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Summer 2016 Newsletter: Zero Rating Isn’t Free

In our last newsletter, we looked at an application filed against Vidéotron and it’s “Unlimited Music” service. PIAC, along with the Council of Senior Citizens Organizations of BC and the Consumers’ Association of Canada argued in their application that Vidéotron was showing unduly preferential treatment by allowing certain streaming music providers to have their data not count against a subscriber’s cap. This application has now grown into a much larger hearing.

The “Unlimited Music” plans made by Vidéotron tout free streaming music, but only for audio, and only if you were signed up for the ‘right’ services; Spotify, Stingray, and Google Music are a few examples. There is no question that streaming music has grown exponentially in the past few years, and certainly giving customers ‘free’ data seems like a positive for consumers, but the problem is much deeper and has a lot to do with a popular current topic: Zero Rating.

“Zero rating isn’t free,” asserts John Lawford, Executive Director of PIAC. “It relies on unjust discrimination against other types of internet traffic and against other  audio or video services that are not desirable partners of the ISP who zero rates. That costs everyone in terms of innovation, competion and most importantly, allows the ISPs to maintain data caps.”

This isn’t the first time that PIAC has intervened when a provider has threatened discrimination against certain types of internet traffic (sometimes described as a violation of “net neutrality” – but in fact a long-standing prohibition against unjust discrimination in telecommunications law) with a streaming service. Bell Mobility made available a similar offer with its ‘Mobile TV’ application. Customers were allowed viewing of Bell owned or controlled streaming video, at reduced prices, so long as it was seen through Bell’s app. In that case, the CRTC ruled Bell’s Mobile TV app left competitors with an undue disadvantage, as Bell was showing preference to its own services over the data of any other party providing data (including competing content), a violation of the Telecommunications Act. That case was recently upheld by the Federal Court of Appeal, and PIAC contends in its application that it is effectively similar to Vidéotron’s current program.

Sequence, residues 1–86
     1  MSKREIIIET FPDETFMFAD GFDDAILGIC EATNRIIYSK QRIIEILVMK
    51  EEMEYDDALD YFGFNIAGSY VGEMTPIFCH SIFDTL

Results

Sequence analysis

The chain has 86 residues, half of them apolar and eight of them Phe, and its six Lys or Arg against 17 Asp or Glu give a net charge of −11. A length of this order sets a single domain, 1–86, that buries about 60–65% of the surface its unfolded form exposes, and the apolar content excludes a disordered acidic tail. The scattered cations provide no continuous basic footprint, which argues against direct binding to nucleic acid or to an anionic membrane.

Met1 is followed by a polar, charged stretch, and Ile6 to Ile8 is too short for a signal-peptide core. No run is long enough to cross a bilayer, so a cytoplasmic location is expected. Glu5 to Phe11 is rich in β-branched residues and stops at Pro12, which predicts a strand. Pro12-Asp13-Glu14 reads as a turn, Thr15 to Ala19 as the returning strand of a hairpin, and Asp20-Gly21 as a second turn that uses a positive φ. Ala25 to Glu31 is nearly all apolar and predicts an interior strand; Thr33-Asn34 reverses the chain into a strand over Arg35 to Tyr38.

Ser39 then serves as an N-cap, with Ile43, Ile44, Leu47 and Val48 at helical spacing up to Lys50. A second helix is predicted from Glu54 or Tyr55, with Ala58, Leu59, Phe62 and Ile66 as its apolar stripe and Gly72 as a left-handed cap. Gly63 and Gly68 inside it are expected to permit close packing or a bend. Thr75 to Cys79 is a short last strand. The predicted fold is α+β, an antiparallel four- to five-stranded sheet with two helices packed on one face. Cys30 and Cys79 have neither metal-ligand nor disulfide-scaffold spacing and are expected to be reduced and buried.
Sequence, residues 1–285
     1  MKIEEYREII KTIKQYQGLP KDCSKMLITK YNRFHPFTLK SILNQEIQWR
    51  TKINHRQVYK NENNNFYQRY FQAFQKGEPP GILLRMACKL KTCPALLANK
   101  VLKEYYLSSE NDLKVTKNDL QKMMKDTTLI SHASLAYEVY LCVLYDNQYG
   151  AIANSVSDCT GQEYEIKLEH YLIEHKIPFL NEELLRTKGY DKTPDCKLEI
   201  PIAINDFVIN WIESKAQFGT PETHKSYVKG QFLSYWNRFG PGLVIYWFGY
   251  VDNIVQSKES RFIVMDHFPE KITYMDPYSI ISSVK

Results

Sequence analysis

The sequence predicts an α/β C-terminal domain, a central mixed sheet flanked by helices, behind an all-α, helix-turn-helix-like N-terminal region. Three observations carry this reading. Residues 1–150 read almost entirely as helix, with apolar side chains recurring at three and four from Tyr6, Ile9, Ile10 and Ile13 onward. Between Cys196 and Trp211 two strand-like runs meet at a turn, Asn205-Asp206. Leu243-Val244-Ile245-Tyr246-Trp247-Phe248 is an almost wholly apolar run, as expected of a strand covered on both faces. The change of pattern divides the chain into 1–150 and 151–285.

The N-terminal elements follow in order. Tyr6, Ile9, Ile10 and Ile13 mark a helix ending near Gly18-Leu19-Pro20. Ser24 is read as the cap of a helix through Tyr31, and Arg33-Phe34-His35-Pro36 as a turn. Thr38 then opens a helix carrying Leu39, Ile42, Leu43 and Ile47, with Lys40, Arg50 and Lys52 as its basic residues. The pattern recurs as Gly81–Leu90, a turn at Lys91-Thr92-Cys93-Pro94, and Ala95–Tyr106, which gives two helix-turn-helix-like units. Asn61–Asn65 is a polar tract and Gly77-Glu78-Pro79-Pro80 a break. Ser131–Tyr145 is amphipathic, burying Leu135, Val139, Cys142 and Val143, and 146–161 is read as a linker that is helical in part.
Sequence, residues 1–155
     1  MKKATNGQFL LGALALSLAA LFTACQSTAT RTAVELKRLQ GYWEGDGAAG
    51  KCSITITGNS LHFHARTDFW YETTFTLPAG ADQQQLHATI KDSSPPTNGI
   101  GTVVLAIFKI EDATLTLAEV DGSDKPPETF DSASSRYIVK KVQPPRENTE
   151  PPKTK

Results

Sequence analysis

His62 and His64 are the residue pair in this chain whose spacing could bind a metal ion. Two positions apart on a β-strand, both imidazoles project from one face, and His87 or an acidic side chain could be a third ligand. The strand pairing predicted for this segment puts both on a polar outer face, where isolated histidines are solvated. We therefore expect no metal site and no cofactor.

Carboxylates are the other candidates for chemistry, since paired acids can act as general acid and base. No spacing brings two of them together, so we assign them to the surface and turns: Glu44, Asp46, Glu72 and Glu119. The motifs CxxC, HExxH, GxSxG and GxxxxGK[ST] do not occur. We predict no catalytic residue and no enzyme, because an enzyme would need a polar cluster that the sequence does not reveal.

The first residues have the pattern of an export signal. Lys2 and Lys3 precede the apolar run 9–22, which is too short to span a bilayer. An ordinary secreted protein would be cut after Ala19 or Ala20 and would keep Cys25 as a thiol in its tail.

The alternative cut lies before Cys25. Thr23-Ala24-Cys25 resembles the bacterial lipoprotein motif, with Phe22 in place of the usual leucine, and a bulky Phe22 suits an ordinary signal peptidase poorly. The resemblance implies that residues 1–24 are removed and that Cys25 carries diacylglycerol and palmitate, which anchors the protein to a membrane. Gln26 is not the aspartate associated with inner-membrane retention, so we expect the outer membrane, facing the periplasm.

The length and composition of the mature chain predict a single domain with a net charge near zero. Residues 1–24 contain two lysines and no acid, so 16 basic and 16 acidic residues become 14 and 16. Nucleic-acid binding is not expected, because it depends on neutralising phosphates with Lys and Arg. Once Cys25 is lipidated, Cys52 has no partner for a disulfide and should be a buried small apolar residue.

“By allowing unlimited streaming of specific types of online content for certain providers, Vidéotron is unduly favouring itself and its streaming partners,” says Geoff White, Counsel to PIAC. “Vidéotron is treating a very small subset of internet traffic differently. They’re doing so in such a way that, since they aren’t being charged any rates or overages, customers are obviously going to favour that content. Vidéotron’s role as a traditional telecom provider in the eyes of telecom law, is to just pass information from point A to point B. Now they are inserting themselves in an editorial manner, in a way that is helping move end-users towards certain content by favoring the way in which it’s treated from a billing perspective.“

Now that the CRTC is taking an even broader look at net neutrality and how data flows to customers in its newly announced hearing, it may be time to look at another troubling aspect of these types of services: the data cap as a whole. Providers set caps for monthly data allotmentsfor consumers for a majority of plans, meaning customers have to worry about overage fees if they exceed their monthly cap. Now, with ‘Unlimited Music’, it seems to point to these caps being an artificial problem which they’ve provided a solution for. Is the data scarce, and therefore in need of a cap to keep customers within a reasonable ‘budget’ of data, or do these unlimited streaming plans unintentionally show that data is maybe not as scarce as providers advertise? Consumers and net neutrality advocates would likely much prefer to be able to experience new media and content without being herded in the direction of companies that make deals with application providers.

PIAC hopes that the precedent set in the Bell Mobile TV case is extended as the CRTC takes a broader look at differential internet pricing. Consumers should have access to the internet that isn’t diverted by third-party money. PIAC has filed initial comments for the hearing in October and hopes to see a decision in early to mid 2017.

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